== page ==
We have limited spaces in the program, so we recommend applying early.
Do you require a standardized test, such as the GRE or MAT, for admission?
No. However, students with an undergraduate cumulative GPA below 3.0 may be asked to submit scores from the Graduate Record Exam (GRE) or the Miller Analogies Test (MAT). Please consult us before registering for a standardized test so that we can assess your credentials.
Can I work and still attend graduate school?
Classes are scheduled in the early evening, and some students do work while attending school, particularly during the first year and a half prior to the practicum and internship. However, students need to plan for the 100-hour clinical practicum and the 600-hour clinical internship during the second half of the program.
How do students develop clinical skills in the program?
We are one of the only graduate programs that have a dedicated counseling psychology lab for student development. Skill-based courses are highly interactive and held in the lab, where students will role-play, practice, and learn through hands-on experience. Practice sessions can be observed, recorded and reviewed to provide authentic feedback and growth opportunities. The lab is a cornerstone of our program.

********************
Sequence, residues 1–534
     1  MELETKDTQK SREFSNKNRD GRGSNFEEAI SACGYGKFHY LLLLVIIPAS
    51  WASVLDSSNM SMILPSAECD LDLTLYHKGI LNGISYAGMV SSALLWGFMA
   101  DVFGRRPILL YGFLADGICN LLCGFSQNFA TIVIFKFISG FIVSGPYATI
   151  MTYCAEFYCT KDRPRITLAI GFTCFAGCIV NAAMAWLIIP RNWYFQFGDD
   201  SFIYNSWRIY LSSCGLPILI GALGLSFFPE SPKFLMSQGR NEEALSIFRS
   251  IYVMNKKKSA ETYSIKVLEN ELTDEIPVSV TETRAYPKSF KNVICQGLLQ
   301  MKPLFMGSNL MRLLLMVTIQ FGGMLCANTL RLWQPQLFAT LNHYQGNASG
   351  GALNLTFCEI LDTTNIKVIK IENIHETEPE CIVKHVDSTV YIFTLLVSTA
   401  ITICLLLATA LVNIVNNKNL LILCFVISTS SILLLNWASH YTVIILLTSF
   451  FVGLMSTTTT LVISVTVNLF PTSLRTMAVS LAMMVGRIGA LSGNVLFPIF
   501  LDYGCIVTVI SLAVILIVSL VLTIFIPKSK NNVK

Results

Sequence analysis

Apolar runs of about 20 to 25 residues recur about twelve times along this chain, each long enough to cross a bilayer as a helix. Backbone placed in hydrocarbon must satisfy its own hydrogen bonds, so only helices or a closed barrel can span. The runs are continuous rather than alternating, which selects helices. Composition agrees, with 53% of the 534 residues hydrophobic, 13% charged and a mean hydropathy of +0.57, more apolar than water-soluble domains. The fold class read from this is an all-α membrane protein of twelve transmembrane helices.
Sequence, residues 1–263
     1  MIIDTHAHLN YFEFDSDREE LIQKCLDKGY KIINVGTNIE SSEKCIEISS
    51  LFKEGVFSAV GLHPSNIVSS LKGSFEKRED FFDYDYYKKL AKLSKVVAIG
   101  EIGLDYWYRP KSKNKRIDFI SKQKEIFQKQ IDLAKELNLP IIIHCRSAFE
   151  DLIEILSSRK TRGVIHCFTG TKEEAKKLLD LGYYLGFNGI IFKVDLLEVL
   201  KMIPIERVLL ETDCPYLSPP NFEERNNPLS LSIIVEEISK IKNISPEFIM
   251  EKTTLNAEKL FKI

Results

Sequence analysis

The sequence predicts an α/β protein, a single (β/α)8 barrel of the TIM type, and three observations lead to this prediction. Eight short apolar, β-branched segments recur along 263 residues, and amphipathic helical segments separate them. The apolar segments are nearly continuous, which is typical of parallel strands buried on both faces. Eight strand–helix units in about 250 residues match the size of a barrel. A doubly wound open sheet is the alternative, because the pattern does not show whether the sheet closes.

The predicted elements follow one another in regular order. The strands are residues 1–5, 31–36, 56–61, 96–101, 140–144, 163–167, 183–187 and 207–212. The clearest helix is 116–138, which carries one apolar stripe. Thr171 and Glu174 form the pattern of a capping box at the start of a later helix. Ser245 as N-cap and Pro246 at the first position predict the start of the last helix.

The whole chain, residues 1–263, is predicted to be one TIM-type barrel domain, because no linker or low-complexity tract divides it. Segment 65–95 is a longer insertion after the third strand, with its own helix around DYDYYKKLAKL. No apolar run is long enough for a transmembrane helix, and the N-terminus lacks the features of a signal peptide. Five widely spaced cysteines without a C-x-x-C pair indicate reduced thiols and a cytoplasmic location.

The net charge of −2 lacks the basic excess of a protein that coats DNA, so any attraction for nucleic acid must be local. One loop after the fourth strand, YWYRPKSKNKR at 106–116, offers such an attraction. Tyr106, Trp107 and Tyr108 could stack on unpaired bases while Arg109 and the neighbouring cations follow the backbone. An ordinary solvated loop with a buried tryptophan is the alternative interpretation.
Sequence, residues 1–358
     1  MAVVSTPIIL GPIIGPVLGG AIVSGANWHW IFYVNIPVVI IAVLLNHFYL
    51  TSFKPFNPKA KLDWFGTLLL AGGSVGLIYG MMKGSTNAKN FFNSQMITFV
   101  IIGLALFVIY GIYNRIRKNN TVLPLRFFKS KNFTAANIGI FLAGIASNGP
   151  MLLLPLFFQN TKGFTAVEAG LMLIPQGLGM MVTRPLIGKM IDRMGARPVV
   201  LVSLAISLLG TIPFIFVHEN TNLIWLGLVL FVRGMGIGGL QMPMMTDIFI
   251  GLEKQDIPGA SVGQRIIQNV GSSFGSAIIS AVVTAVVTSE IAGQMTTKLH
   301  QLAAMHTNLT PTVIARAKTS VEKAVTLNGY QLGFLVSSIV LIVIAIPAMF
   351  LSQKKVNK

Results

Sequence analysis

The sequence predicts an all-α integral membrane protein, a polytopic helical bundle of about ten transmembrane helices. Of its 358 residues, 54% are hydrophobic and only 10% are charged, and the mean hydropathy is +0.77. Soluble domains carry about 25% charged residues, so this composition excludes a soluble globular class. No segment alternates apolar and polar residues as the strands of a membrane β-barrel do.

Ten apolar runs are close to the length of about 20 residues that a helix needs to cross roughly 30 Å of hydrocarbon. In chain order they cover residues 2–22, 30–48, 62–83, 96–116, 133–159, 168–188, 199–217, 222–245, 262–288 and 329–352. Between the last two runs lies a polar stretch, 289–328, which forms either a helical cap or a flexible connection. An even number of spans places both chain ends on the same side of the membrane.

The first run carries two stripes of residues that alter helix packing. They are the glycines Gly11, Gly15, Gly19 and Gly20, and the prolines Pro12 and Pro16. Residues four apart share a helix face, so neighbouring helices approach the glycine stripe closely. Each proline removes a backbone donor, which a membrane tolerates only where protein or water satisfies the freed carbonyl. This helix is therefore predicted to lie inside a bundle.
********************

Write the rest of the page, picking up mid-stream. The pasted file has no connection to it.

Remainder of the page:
Further, each student is also required to complete a 100-hour clinical practicum and the 600-hour clinical internship as part of the program requirements.
What professional development opportunities exist for students?
Research opportunities and conference attendance is an important part of a counselor’s professional development. Our faculty are heavily involved in professional organizations and conferences. We actively include our students in these opportunities, and have some funding available to send students to conferences. Our students frequently attend and present at conferences with our faculty. This is a great way to start building your professional identity and network.
Do you help students obtain practicum or internship placements?
Yes. Our full-time clinical coordinator, a licensed professional counselor, works closely and individually with each student to ascertain clinical interests and professional goals. Because we are a small program, we are able to help match you with opportunities that will enhance your professional growth. You receive individualized attention and support to enhance your learning throughout this important part of your education.
How much is tuition and how do students pay for graduate school?
I have additional questions about the program. Is there someone I can talk with?
Yes, of course! Please contact Julia Colvin, the administrative director. She will happily assist you with any questions and support you through the process of considering if graduate school is right for you.